The physical discomfort that I suffered was incalculable. As I mentioned earlier, my body would literally have a coating of blackness, purpleness, yellowness, and redness, hues I had never seen and colors I thought my body was incapable of producing. The ungodly frequency of migraines from hits in the head, which seemed to be Leroy’s favorite place to strike, was nearly unbearable. The joint pain, swelling, and sometimes immobility became a burden. It would become painful to stand from straight blows to the stomach, painful to walk from hits in the knee, painful to sit because of jabs to my ribcage, and uncomfortable to lie in the relative security of my bed due to my back being stepped on with steel-toe boots which Cliff seemed quite fond of.

I believe I would be a formidable contender for the competition of most nosebleeds in a one year period. All too often my clothing would be splattered with blood, I would wake up in the middle of the night with a pillow that took on fire-engine red appearance. Accompanied by the most arduous migraines, my nose would bleed and bleed. Not only was that a favorable place for the fellow patients to attack me, but it seemed to Leroy that I favored being hit in the face because he did it so often.

The disguise of struggle in anticipation of a restraint to mask the assaults does not adequately describe the strategic paradigm with which the assaults were employed. The forceful strikes were in such frequency that I do not believe I went a day without being bruised or attacked for a four to six month period. The daily coating of skin discoloration would be impossible to acquire solely from professional, therapeutic, safety-minded restraining measures. The dichotomous polarity of what this cohort of staff maliciously committed and what they were trying to imply are two opposing and dissimilar undertakings.

My body became one with the pain. The only way I feel that I can most aptly characterize this abhorrent infliction of pain on my person is to describe the pain as the antithesis of happiness, the polar oppose of elation. The suffering and agony necessitated that I develop physical coping mechanisms that would justify the assaultive nuisances that were recurrently transpiring. My body learned to interpret the pain as a distorted configuration of euphoric interpretation. Said another way, my body learned to welcome the pain instead of attempting to avoid it as it became such a habitual, daily (sometimes hourly) occurrence.

The seemingly preferred method of a fight would usually follow this formula:

  1. A provocative event meant to disrupt the “stability” of the group of patients would occur. Typically, an instruction (some of which I viewed as pointless or issued with malice) would be given, and I would object. On many occasions, probably the most common dilemma that I faced was obtaining or retaining college view-books and application materials that were confiscated due to their “irrelevance to my treatment plan.”
  2. An alternative would be given, such as an escort to the “quiet room,” more often than not peppered with curse words.
  3. I would object to the alternative and attempt to peacefully discuss the issue.
  4. A final warning would be given and I would typically remain seated while the staff members proceeded to kick me, grab my arms, punch me, in three instances bite me, grasp my neck so tightly that I felt as I was being deprived of oxygen, jab me in the chest, punch me in the nose, apply force to a pressure point, step on my hands, kick me in the face, place me on the ground with my stomach to the floor yet arms acrobatically holding down my own head, and multitudinous other forms of the most flawless, definitive forms of physical pain that went beyond my most dismal and pessimistic expectations.
  5. After a couple of solid minutes of sheer terror, a restraint would ensue, a nurse would be called to administer a sedative, and I would be left for dead in the “quiet room.”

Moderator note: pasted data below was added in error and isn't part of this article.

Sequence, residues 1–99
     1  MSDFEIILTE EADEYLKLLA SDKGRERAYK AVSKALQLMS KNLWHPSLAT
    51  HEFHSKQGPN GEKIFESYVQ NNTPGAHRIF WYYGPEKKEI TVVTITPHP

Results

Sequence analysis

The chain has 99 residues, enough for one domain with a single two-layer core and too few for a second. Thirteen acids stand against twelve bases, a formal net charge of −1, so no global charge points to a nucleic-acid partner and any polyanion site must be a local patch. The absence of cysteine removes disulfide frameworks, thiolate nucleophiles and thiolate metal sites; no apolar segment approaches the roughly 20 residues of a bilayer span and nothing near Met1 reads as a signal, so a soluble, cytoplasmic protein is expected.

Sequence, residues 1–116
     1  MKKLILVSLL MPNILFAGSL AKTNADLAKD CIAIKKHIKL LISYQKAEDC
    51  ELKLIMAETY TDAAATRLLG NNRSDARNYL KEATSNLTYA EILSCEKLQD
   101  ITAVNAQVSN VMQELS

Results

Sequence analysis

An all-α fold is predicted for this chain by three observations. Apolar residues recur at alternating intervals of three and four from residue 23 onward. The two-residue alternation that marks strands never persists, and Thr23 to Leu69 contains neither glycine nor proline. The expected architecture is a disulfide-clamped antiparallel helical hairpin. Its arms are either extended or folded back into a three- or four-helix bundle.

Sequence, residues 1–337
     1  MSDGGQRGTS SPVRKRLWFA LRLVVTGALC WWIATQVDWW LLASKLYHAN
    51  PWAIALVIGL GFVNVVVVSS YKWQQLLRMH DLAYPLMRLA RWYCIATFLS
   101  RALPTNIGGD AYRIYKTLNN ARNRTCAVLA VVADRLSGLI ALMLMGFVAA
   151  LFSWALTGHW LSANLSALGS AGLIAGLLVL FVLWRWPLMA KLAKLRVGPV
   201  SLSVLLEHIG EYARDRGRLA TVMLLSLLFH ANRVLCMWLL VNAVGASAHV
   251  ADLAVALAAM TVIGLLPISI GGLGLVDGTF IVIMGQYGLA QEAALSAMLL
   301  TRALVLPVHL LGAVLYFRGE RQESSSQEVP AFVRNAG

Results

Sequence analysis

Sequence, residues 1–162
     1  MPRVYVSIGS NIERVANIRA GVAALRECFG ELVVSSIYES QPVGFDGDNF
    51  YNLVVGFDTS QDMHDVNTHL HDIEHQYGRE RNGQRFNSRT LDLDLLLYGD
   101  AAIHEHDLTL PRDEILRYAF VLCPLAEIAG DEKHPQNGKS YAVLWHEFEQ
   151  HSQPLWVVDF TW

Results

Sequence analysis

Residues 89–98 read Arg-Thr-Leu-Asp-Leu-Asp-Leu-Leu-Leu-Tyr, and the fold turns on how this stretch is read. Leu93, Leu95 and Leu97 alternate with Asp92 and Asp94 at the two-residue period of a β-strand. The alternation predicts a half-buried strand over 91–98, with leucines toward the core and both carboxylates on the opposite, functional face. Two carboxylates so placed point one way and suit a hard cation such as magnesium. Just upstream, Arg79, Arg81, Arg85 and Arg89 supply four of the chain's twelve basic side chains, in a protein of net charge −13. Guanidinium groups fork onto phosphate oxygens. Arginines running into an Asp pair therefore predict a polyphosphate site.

The unfortunate reality of this pain was the fact that I needed to constantly reassure myself that it would be the last time, always justifying the attacks as being my fault. The seemingly borderline personalities of the staff members were startling. There was no gray area- it was rather binary; that is to say my behavior would be good or bad, and they came to work seeming to expect to initiate an impasse of my desire to meet their expectations. The kicks to the face and jabs to the chest were administered in even the most inferior situations, such as requesting more food or a drink of water after bedtime; the events would simply depend on their mood. The seemingly consistent vengeful attitude taken on by Richard and Justin would often result in the most simplistic requests being turned into the most complicated fights.

Richard, Justin, and Leroy (or any combination of the three) often worked as a team on the same shift. The vindictiveness with which they approached their responsibilities was abhorrent, I was frequently startled that their immaturity would be carried into the workplace. They seemed to have a particular impulse to exact revenge upon any patient who dared cross their path.

Cliff, in addition to his frequent sexual jokes and references, was notorious for assaulting patients during restraints. I know Cliff was fired for his behavior. His harmful behavior led me to pain on many occasions. His preferred manner of diabolical assault was to get me to ground as quick as possible and step on my face while alternating with blows from his fist. Cliff’s monstrous acts were among some of the most despicable, leaving me with countless bruises, migraines, sore body parts, and a significant amount of occasions where I had trouble breathing due to the breath being knocked clear out of my lungs with the force of a bat to a baseball. Marty was not an actual employee of Manatee Palms, he was one of the 15 or so staff from the “agency,” a temporary staff support firm that provided logistical support to the facility. Marty would be annoyed at the slightest of adverse circumstances, often simply slapping me. Marty was probably the least abusive of this cohort.

As I mentioned earlier, the incident with Jason was the tip of the iceberg as this initial assault sparked a chain of assaults that continued until the day I was court-ordered out of the facility. Justin was particularly and devilishly vengeful as he and Jason were friends. Richard also committed acts of retribution, albeit his were less severe than Justin’s and were often only committed in the presence of Justin, often invoking the “esprit de corps” or comitatus of their united force against the white, minority patients.

In conclusion, my days at Manatee Palms were dark and filled with destructive and harmful behavior. Never in my life did I expect to be so horribly and atrociously hurt. The sinister paradox of being hurt by the people paid to take care of me was and is startling and disturbingly astonishing. I may have physically recovered from these assaults, but I sometimes have phantom pains and frightening phenomenons where I visualize the blackening and purpling and yellowing of my skin where the bruises acquired by Manatee Palms staff once were. They are invisible bullet wounds of the most terrorizing battle I’ve ever experienced.

Regards,

Nicholas Alahverdian